Teo Heng KTV leaves karaoke industry “temporarily” after Govt defers pilot reopening of nightlife outlets amid spike in COVID-19 community cases

The spike in COVID-19 community cases has led to a darker reality for nightlife outlets in Singapore, as the Government decided to put on hold its pilot programme — that allows a limited number of nightlife outlets to reopen — in favour of controlling local transmission of the virus.

Teo Heng KTV, in particular, has announced on Thursday (21 January) that it will be “leaving the industry for good” to preserve resources and cut looses, hoping that the Government would help to ease the outstanding cost incurred.

The local karaoke chain has been around for 31 years since it was first founded in 1989 by Jackson Teo, who was selling karaoke sound systems at Katong Shopping Centre.

In July last year, Shin Min Daily News reported that Teo Heng would shut down seven of its 14 outlets due to the impact brought by the coronavirus pandemic.

Mr Jackson had previously shared that the company is expected to incur up to S$500,000 losses for a month-long closure, as reported by Vulcan Post.

All 120 staff members of Teo Heng KTV were paid full salaries for the first six months of closure, despite the losses in revenue.

Their pay subsequently reduced 50 per cent from last October which was suggested by the staff members themselves, in the hope to alleviate the company’s financial burden.

To generate income, the karaoke chain continued to sell sound systems – which is their core business – even though the sales have dipped “at least 50 per cent” amid the pandemic.

Teo Heng also shared to CNA Insider last year that it had spent more than S$100,000 to install anti-virus fogging machine at every outlet, and spend at least S$6,500 monthly to keep the rooms clean and disinfected.

Jean Teo, director of Teo Heng KTV, had previously told Vulcan Post that the company had about S$1.5 million in reserves to keep them afloat.

“We really underestimated this time, and so far we have spent over S$1 million. So if COVID-19 drags on, I don’t know if we can survive for another few months,” she noted.

Govt introduced pilot programme to allow limited number of nightlife outlets to reopen

On 6 November last year, the Ministry of Trade and Industry (MTI) and the Ministry of Home Affairs (MHA) announced that nightlife industry will be allowed to reopen under a pilot programme in 2021.

Under this programme, clubbing and karaoke singing will be open only to local residents and those with work passes, who must show proof of having taken a COVID-19 test in the last 24 hours before they can enter a joint.

Clubs will have a capacity limit of up to 100 people, with separate dancing and dining zones that can hold 50 people each. Customers will have to wear face masks at the dance floor and stay 2m apart from other groups, indicated by floor markings and physical barriers.

Karaoke establishments, on the other hand, will be allowed to host groups of up to five people within enclosed rooms that will have to be cleaned, disinfected and aired for 15 minutes between groups.

No hosts will be allowed to be deployed to interact with customers in both types of venues, as a measure to reduce interactions.

Teo Heng, however, decided not to apply for reopening under the pilot programme.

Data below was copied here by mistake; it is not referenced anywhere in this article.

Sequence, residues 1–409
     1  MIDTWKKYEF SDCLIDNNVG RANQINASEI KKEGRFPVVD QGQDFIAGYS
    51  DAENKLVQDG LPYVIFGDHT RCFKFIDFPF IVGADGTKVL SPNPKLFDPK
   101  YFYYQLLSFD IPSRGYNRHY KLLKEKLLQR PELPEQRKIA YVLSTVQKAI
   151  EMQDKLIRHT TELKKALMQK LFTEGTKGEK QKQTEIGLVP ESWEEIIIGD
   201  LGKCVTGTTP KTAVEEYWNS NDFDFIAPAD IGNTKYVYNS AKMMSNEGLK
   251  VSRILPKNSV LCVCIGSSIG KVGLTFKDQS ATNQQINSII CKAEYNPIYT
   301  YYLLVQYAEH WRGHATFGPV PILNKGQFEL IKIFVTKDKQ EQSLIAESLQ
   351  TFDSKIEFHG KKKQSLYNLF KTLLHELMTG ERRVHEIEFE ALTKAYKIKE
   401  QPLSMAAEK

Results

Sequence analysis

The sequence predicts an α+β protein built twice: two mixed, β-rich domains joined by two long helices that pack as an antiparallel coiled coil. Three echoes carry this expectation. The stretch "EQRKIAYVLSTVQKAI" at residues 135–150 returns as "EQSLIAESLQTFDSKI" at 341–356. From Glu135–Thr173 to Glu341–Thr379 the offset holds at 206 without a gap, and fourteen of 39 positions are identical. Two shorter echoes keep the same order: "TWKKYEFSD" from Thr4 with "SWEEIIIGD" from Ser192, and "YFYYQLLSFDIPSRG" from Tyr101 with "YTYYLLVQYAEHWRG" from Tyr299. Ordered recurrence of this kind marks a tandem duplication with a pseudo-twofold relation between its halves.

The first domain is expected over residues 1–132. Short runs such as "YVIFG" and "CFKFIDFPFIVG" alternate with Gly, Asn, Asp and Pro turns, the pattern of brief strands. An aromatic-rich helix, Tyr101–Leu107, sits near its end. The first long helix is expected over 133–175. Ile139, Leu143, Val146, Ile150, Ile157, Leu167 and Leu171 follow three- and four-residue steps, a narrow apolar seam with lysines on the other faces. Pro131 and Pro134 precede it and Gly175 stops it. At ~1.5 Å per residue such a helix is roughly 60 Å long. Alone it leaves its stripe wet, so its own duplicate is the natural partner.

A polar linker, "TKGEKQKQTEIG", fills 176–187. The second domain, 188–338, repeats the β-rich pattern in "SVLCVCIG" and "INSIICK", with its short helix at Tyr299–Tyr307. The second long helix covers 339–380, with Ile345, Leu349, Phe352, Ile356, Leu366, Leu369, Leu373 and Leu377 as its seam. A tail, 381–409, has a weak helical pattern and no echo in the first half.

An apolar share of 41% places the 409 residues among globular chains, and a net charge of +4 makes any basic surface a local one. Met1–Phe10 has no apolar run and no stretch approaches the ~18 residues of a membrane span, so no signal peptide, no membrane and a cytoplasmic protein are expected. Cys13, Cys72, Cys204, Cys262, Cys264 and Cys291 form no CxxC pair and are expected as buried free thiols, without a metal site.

It noted that the cost involved would further deplete their resources, given that every customer would be required to undergo a swab test a day before entering the premises, as reported by Mothership.

Teo Heng added that such a requirement would only increase the cost for customers, as well as operators if the latter were to pay part of the cost.

The karaoke chain decided to pivot to other businesses instead, planning to turn its remaining outlets into working or gathering spaces equipped with free Wi-Fi.

Teo Heng eventually applied for the pilot reopening option in January, as reported by Mothership.

Pilot programme for nightlife outlets deferred by Govt amid spike in community cases

MTI and MHA announced on Tuesday (19 January) that the pilot programme will be deferred until further notice due to the recent spike in community cases.

It is uncertain when the pilot may be able to commence, given the dynamic public health situation. Agencies have said that they will review the commencement of the pilots at a suitable juncture.

Ms Teo told CNA yesterday that the Government’s decision has caused the landlords to worry as the business has not been making any revenue since the circuit breaker was imposed last year.

She added that the landlords were considering to pre-terminate Teo Heng’s lease, in which the company is ought to pay the outstanding rental cost.

“We are seeking help from the Government bodies to see how much they can actually render their help to keep the damage to the minimum,” said Ms Teo.

Teo Heng noted that it will be applying for a Government scheme that helps small businesses renegotiate contracts.

“They [the Government] also cannot tell us when we are able to reopen so we have no choice. We really have to leave the industry for good,” Ms Teo stressed.

Teo Heng KTV: Exit is only temporary

Not long after the closure of Teo Heng was reported, the karaoke chain made a clarification that its exit is only a “temporary move”.

“Dear supporters, TeoHeng KTV Studio will not be closing all the outlet as [announced] previously. We will strive on till further notices. Our Teo Heng Trading will still be in operation,” it stated on Instagram last night.

Ms Teo told Mothership that the company will try to hold on to two outlets located at Ci Yuan Community Club and Tampines West Community Club respectively, as she noted that the rents for both outlets are more manageable.

She added that Teo Heng will be negotiating with the landlords for other outlets and they hope that the People’s Association will provide support to the karaoke chain.

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